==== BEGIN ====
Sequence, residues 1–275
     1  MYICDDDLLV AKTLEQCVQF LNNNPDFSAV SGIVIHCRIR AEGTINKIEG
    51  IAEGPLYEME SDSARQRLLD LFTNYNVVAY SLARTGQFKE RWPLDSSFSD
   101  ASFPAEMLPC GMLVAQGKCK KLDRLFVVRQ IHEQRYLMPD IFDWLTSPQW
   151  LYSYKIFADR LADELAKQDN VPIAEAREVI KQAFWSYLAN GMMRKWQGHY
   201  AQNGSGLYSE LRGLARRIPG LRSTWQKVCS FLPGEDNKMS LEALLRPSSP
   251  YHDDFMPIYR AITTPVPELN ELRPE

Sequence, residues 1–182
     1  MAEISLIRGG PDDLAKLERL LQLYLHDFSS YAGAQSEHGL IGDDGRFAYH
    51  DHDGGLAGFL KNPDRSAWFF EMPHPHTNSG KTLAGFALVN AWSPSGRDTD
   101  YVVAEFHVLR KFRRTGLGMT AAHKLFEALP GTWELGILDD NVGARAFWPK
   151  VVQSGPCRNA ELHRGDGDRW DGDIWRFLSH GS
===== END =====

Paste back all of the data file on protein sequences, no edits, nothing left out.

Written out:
Sequence, residues 1–275
     1  MYICDDDLLV AKTLEQCVQF LNNNPDFSAV SGIVIHCRIR AEGTINKIEG
    51  IAEGPLYEME SDSARQRLLD LFTNYNVVAY SLARTGQFKE RWPLDSSFSD
   101  ASFPAEMLPC GMLVAQGKCK KLDRLFVVRQ IHEQRYLMPD IFDWLTSPQW
   151  LYSYKIFADR LADELAKQDN VPIAEAREVI KQAFWSYLAN GMMRKWQGHY
   201  AQNGSGLYSE LRGLARRIPG LRSTWQKVCS FLPGEDNKMS LEALLRPSSP
   251  YHDDFMPIYR AITTPVPELN ELRPE

Sequence, residues 1–182
     1  MAEISLIRGG PDDLAKLERL LQLYLHDFSS YAGAQSEHGL IGDDGRFAYH
    51  DHDGGLAGFL KNPDRSAWFF EMPHPHTNSG KTLAGFALVN AWSPSGRDTD
   101  YVVAEFHVLR KFRRTGLGMT AAHKLFEALP GTWELGILDD NVGARAFWPK
   151  VVQSGPCRNA ELHRGDGDRW DGDIWRFLSH GS